Digitoxin (206 mg) in CH2 Cl2 (100 ml) and EtOAc (50 ml) was cooled to -50° C. in a dry-ice-acetone bath and ozone passed through the solution for 45 min when a persistent blue color appeared indicating excess reagent was present. Tlc (2% MeOH--CH2 Cl2) showed no starting material. Nitrogen gas was passed through the solution to remove excess ozone. To the clear solution was added zinc dust (1 g) and acetic acid:methanol (1:1) (5 ml). After stirring at -50° C. for 11/2 hours, the mixture was brought to room temperature, filtered and the organic layer washed thoroughly with water, excess aqueous sodium hydrogen carbonate, dried over anhydrous sodium sulfate, filtered and evaporated to dryness. The residue was chromatographed on silica gel (Merck Type 60 H for tlc) using the dry chomatography method and eluted first with hexanes, ether-hexanes and acetone-hexanes mixtures. Elution with 2% acetone-hexanes gave fractions which on two recrystallizations gave the 21-hydroxyketone (FIG. 8,3) (37 mg) m.p. 216°-218° C. from methanol-water. 1 H nmr (CDCl3 :CD3 OD; 1:1)δ:0:93, 0.94 (C10 and C13CH3) 1.22-1.28 three overlapping doublets J=6 Hz (6', 6", 6"'CH3), 2.84, dd, J=3.9, 9.74Hz (17 H), 3.32, m(4', 4", 4"'H), 3.34, br s(ROH), 3.82, m(5', 5", 5"'H), 4.90, m(1', 1", 1"'H) ppm; 13 C nmr (CDCl3 :CD3 OD; 1:1) δ: 30.31a (1), 26.99b (2), 73.26c (3), 30.74a (4), 36.98d (5), 27.09b (6), 21.30(7), 40.57(8), 35.83d (9), 35.67(10), 22.06(11), 39.52(12), under solvent (13), 86.12(14), 34.34(15), 25.24(16), 57.90(17), 15.39(18), 23.99(19), 2 18.81(20), 70.08(21), 18.25, 18.32, 18.37 (6, '6, "6"') 37.50, 37.86, 38.57 (2', 2", 2"'), 67.11, 67.30, 68.26, 68.73, 68.87, 70.24, 73.50c, 82.86, 83.16(3', 3", 3"'; 4', 4", 4"'; 5', 5", 5"'), 95.97, 99.42, 99.60 (1', 1", 1"') ppm.
Potency data revealed the following results:
______________________________________3β-tridigitoxoside (FIG. 8, 3). 2 uM______________________________________
This Example describes the preparation and characteristics of 3β-tridigitoxosyloxy-14-hydroxy-5β,14β-pregnan-20-one (FIG. 8, 6) and its potency data.
The hydroxyketone tridigitoxoside(FIG. 8,3) (91 mg) was stirred in acetic acid (10 ml) containing zinc dust (4 g) for 6 hrs at room temperature. After filtration and addition of water, extraction with ether gave on recrystallization from methanol-water the α-methylketone tridigitoxoside (FIG. 8, 6) (30 mg) m.p. 245°-247° C. 1 H nmr(CDCl3 :CD3 OD,1:1) δ:0.95 and 0.96 (18 and 19 CH3), 1.25, m (6', 6", 6"'CH3), 2.26(20CH3), 2.95, dd, J=4 and 9 Hz (17H), 3.22, m(4', 4", 4"'H), 3.83, m(5', 5", 5"'H), 4.03, m(3'H and 3αH), 4.17, br s (ROH), 4.25, m, two (dd/3' and 3"H), 4.92, m(1', 1", 1"'H) ppm. 13 C nmr (CDCl3 :CD3 OD, 1:1)δ: 30.34(1), 27.02a (2), 73.3b (3), 30.76(4), 37.03(5), 27.13a (6), 22.06c (7), 40.59(8), 35.70(9), 35.86(10), 21.3c (11), 39.75(12) under solvent (13), 86.22(14), 34.29(15), 25.39(16), 63.00(17), 15.55(18), 24.03(19), 219.43(20), 33.16(21), 95.98, 99.44, 99.62 (1', 1", 1"'), 37.53, 37.89, 38.61(2', 2", 2"'), 67.13, 67.33, 68.29, 68.76, 68.90, 70.27 (3', 3", 3"'; 5', 5", 5"'), 82.89, 83.20(4', 4"), 73.61a (4"'), 18.29, 18.36, 18.41 (6', 6", 6"')ppm.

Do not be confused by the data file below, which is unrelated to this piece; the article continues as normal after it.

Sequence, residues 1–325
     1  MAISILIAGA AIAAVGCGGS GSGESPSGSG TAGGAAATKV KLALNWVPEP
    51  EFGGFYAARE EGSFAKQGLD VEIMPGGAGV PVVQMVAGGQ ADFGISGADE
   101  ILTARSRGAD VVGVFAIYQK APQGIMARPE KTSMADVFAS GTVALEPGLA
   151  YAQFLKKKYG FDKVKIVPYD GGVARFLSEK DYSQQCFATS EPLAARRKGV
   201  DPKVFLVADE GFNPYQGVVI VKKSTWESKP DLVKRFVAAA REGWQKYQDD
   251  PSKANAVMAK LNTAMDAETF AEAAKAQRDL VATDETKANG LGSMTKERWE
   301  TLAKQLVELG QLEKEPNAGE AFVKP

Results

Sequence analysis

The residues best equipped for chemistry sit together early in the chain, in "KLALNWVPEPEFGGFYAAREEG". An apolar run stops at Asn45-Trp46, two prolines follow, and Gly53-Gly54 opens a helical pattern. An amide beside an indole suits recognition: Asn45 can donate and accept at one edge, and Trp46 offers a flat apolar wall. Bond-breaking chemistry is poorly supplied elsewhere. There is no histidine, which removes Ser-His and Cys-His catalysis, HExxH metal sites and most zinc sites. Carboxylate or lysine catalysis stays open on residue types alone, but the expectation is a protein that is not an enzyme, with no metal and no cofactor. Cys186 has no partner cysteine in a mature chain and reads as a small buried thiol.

Potency data revealed the following results:
______________________________________3β-tridigitoxoside (FIG. 8,6) 1.3 μM______________________________________
This Example illustrates the preparation and characterization of 14,20β-dihydroxy-3β -tridigitoxosyloxy-5β,14β-pregnane (FIG. 8) and its potency data.
The α-methylketone (FIG. 8, 6) (94 mg) was dissolved in dry tetrahydrofuran (25 ml) and lithium tri-tert-butoxyaluminohydride (400 mg) added. The mixture was stirred at room temperature for 18 hrs when no starting material remained by tlc (4% MeOH/CH2 Cl2). Excess acetone was added followed by water. Extraction with dichloromethane: ether (1:2) followed by washing the organic layer with water, aqueous sodium hydrogen carbonate, brine, filtration and evaporation gave a residue which was recrystallized from chloroform/acetone to give the 20β-alcohol (FIG. 8) (36 mg), m.p. 203°-205° C.
13 C nmr δ: 30.63a (1), 27.32b (2), 73.98c (3), 31.08a (4), 37.40(5), 27.57b (6), 22.22d (7), 41.20(8), 36.01(9), 36.49(1,0), 21.36d (11), 42.31(13), under solvent (1,3), 86.27(14), 32.55(15), 26.98b (16), 57.31(17), 16.89(18), 24.32e (19), 72.13(20), 23.53e (21), 96.27,99,77, 99.95(1', 1", 1"'), 37.85, 38.21, 38.93(2', 2", 2"'), 67.46, 67.67, 68.60, 69.06, 69.19, 70.56 (3', 3", 3"' and 5', 5", 5"'), 18.55, 18.63, 18.67 (6', 6", 6"') ppm.
Potency data revealed the following results:
______________________________________3β-tridigitoxoside (FIG. 8). 0.6 μM______________________________________
In summary of this disclosure, the present invention provides novel steroids and glycoside derivatives thereof having digoxin-like activity, as well as synthesis schemes for the preparation thereof. Modifications are possible within the scope of this invention.
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|U.S. Classification||536/5, 536/4.1|
|International Classification||C07J7/00, C07J19/00, C07J17/00, C07J5/00, C07J51/00, C07J71/00, C07J41/00, C07J1/00|
|Cooperative Classification||C07J7/007, C07J7/002, C07J19/005, C07J71/0021, C07J17/005, C07J1/0025, C07J1/0014, C07J7/0085, C07J71/001, C07J1/0074, C07J51/00, C07J1/0011, C07J5/0015, C07J41/0088, C07J19/00, C07J41/005, C07J1/0022, C07J7/0045|
|European Classification||C07J51/00, C07J19/00, C07J71/00B1C, C07J7/00C1, C07J19/00B, C07J5/00B1, C07J1/00B2, C07J41/00C6, C07J71/00B1, C07J17/00B, C07J1/00B4B, C07J1/00C4B1, C07J7/00B1B1, C07J1/00B3, C07J7/00B2B, C07J7/00B1C1, C07J41/00C60, C07J1/00B4B1|
|Jan 9, 1990||AS||Assignment|
Owner name: UNIVERSITY OF MANITOBA, THE, CANADA
Free format text: ASSIGNMENT OF ASSIGNORS INTEREST.;ASSIGNORS:LA BELLA, FRANK S.;TEMPLETON, JOHN F.;REEL/FRAME:005215/0858;SIGNING DATES FROM 19891122 TO 19891201
Owner name: UNIVERSITY OF MANITOBA, THE, CANADA
Free format text: ASSIGNMENT OF ASSIGNORS INTEREST.;ASSIGNORS:LA BELLA, FRANK S.;TEMPLETON, JOHN F.;REEL/FRAME:005215/0856;SIGNING DATES FROM 19891122 TO 19891201
|Jan 11, 1996||FPAY||Fee payment|
Year of fee payment: 4
|Feb 28, 2000||FPAY||Fee payment|
Year of fee payment: 8
|Mar 17, 2004||REMI||Maintenance fee reminder mailed|
|Sep 1, 2004||LAPS||Lapse for failure to pay maintenance fees|
|Oct 26, 2004||FP||Expired due to failure to pay maintenance fee|
Effective date: 20040901